Nvidia reported its results for the second quarter of its fiscal 2019 today. The company pulled in $3.12 billion in revenue, up 40% year-on-year, and operating income of $1.16 billion, up 68% year-on-year. Gross margin was 63.3%, up 4.9 percentage points on the year. The company reported record revenue across all of its divisions.
The GPU business made up the vast majority of Nvidia's revenue at $2.66 billion. The company said strong performance in its gaming, professional visualization, and data-center products made up for a “substantial decline” in cryptocurrency sales. Gaming revenue was up 52% from this time last year at $1.8 billion thanks to strong sales of Pascal cards for desktops and Max-Q notebooks. Professional visualization products brought in $281 million, 20% better than a year ago, and data center revenue reached $760 million, up 83% from a year ago. Those data center results came thanks to sales of Volta products like the Tesla V100 and the DGX systems containing them, according to the company.
The company's OEM and IP bucket leaked 54% of the revenue it posted this time last year, down to $116 million, thanks to declines in demand from cryptocurrency miners for the green team's GPUs. The sequential drop of 70% in this line item underscores just how much crypto demand has faltered of late. Nvidia notes that it had predicted crypto-specific demand would be $100 million for this quarter, while actual revenues were $18 million. Furthermore, the company expects no meaningful contributions from cryptocurrency products to revenue for the remainder of its fiscal 2019. If there's a surer sign that enthusiasm for new mining power is dead, I'm not sure we'll find it.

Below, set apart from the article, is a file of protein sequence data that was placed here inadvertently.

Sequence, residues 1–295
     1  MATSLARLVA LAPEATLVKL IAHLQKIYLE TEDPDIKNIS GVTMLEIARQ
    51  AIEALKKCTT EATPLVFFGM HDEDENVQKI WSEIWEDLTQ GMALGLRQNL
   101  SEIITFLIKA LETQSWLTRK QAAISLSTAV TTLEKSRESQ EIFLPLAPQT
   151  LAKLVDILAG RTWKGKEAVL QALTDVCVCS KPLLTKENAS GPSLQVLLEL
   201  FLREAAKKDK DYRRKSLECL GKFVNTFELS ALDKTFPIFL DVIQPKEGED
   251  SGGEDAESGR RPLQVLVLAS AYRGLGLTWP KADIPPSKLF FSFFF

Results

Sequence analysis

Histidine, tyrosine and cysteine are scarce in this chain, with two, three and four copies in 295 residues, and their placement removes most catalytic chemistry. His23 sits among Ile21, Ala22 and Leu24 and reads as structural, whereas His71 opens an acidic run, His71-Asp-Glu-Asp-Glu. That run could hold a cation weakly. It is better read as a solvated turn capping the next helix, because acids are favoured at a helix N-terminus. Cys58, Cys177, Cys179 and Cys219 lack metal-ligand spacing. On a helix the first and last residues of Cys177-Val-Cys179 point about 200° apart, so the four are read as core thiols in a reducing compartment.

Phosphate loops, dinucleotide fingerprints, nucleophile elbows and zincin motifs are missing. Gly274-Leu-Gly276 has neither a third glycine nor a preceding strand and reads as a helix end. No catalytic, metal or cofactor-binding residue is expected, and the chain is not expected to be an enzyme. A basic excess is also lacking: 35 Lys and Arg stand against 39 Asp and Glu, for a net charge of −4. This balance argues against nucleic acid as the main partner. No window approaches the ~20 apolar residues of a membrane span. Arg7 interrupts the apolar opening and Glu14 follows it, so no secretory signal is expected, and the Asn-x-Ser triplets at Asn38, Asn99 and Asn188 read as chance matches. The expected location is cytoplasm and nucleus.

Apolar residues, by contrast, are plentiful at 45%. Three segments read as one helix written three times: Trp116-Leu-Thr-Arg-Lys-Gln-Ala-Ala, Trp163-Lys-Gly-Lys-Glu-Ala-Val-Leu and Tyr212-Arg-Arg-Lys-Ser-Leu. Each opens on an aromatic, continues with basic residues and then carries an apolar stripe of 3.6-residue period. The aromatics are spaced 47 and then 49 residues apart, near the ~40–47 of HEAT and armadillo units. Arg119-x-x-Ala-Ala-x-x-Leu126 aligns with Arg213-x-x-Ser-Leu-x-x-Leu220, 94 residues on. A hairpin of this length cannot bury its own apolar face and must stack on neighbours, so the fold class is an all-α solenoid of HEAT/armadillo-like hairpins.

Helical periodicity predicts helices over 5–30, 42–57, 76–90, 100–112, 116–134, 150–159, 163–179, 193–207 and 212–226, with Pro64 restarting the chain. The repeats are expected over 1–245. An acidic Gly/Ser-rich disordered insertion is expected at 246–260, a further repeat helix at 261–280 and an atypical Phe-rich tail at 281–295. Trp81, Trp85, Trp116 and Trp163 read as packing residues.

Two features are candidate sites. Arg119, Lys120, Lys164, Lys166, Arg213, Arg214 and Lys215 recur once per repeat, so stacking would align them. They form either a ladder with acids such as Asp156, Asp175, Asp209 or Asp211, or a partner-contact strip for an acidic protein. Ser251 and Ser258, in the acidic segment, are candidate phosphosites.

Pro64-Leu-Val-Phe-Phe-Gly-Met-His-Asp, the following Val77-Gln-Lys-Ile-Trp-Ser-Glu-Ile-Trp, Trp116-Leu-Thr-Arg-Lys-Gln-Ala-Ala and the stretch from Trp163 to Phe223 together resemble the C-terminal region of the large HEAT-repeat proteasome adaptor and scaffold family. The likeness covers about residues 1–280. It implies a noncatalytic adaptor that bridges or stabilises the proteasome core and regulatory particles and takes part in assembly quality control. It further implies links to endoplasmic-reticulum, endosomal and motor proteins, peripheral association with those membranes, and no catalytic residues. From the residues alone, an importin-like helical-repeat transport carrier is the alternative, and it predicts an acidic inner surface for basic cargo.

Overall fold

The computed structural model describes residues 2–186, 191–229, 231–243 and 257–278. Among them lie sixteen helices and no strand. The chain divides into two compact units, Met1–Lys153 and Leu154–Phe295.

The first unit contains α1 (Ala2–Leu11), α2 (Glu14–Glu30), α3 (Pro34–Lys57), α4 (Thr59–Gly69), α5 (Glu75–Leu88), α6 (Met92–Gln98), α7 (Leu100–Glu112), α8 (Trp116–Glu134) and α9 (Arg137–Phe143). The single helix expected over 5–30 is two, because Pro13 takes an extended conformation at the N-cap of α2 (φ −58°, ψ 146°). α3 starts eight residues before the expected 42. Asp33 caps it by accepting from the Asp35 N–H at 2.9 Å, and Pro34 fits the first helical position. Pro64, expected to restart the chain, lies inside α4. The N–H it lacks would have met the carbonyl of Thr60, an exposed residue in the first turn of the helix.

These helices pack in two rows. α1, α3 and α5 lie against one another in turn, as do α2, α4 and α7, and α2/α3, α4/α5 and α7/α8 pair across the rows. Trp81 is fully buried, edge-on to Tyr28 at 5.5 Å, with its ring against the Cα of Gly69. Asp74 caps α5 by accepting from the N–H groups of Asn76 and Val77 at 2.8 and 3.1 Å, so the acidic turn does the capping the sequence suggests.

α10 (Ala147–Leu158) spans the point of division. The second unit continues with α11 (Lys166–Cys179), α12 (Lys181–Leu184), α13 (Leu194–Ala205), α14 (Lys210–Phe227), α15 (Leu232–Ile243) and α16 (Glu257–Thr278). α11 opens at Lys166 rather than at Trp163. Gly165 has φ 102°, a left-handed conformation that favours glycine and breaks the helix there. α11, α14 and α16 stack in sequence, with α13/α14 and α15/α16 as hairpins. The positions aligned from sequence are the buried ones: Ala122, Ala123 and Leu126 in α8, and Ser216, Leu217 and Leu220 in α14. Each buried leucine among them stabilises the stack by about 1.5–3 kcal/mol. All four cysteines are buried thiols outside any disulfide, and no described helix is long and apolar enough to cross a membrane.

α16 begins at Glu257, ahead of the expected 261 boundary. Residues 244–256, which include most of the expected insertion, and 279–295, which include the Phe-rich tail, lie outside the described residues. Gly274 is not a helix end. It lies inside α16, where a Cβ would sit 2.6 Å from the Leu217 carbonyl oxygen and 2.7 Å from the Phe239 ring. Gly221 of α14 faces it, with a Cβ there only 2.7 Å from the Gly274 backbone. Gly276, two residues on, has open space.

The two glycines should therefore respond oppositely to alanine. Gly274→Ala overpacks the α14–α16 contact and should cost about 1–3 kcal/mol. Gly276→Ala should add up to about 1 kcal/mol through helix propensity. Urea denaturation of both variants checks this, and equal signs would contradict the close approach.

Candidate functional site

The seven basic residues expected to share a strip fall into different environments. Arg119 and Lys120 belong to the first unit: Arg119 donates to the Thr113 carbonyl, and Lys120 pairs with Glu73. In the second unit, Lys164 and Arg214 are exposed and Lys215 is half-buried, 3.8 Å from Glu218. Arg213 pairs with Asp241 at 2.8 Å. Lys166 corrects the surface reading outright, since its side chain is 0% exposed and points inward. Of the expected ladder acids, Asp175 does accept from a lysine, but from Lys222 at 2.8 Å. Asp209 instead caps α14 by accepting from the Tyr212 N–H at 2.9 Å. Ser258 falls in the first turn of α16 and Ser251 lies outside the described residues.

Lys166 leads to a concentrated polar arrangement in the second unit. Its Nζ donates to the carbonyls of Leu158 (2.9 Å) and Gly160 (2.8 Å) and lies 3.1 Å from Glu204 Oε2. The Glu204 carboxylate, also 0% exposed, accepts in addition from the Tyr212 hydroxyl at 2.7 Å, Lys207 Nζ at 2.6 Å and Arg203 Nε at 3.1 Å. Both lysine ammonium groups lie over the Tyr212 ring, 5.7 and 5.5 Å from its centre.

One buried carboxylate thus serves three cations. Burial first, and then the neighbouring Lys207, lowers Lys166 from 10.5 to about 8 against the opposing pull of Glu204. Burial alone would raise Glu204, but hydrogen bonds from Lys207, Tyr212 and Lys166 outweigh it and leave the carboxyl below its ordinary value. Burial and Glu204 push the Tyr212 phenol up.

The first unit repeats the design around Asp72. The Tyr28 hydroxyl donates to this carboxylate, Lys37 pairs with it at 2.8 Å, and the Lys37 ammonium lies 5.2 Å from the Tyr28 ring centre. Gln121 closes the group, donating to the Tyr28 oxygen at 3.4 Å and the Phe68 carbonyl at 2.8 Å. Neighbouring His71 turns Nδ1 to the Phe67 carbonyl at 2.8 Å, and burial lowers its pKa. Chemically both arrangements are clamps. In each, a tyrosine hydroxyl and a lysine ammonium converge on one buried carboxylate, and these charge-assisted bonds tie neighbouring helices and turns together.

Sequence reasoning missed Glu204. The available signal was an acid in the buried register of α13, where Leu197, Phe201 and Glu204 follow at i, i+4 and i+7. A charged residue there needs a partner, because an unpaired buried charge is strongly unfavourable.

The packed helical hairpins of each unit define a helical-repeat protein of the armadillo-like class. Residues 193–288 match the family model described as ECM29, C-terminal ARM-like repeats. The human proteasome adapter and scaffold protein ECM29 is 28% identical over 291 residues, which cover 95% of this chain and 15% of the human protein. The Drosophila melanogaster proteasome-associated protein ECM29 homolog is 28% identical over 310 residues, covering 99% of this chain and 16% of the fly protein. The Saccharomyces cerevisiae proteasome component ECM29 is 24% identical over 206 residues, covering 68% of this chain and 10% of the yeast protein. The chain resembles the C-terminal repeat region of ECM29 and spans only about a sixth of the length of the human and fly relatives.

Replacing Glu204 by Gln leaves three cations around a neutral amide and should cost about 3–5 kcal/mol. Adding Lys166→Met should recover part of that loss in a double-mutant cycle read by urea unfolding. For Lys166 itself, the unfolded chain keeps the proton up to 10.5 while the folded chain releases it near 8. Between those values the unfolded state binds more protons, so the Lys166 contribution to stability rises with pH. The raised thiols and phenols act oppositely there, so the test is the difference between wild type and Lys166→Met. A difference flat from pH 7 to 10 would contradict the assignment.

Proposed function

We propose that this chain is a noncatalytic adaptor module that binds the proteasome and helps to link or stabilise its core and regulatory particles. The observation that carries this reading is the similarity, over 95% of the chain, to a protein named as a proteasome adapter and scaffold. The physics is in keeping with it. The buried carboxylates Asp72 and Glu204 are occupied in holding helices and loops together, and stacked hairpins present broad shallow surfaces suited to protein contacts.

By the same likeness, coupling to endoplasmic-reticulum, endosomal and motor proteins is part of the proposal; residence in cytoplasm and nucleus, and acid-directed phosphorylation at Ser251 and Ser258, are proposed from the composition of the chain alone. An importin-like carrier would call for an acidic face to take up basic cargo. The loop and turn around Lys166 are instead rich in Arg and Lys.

The company's Tegra business, on the other hand, brought in $467 million, up 40% from a year ago. Tegra chips find their way into Nvidia's automotive products, embedded platforms, and most importantly, the Nintendo Switch. Tegra products for cars brought in $161 million, up 13% from a year ago, including infotainment systems, Drive PX boards, and software-development partnerships with automakers.
For its next quarter, Nvidia expects $3.25 billion in revenue, plus or minus two percent. That figure includes no income from crypto demand. Going by Nvidia's third-quarter fiscal 2017 results, that figure would represent a 23.3% year-on-year increase, suggesting the company's meteoric rise of late might be tapering off a bit. GAAP gross margin is projected at 62.6%, which would reflect a 3.1-percentage-point increase. With the release of new GeForce products imminent, we'll have to see just how much pent-up demand for next-generation gaming products the company is able to unleash as cryptocurrency demand finally seems to be dying off.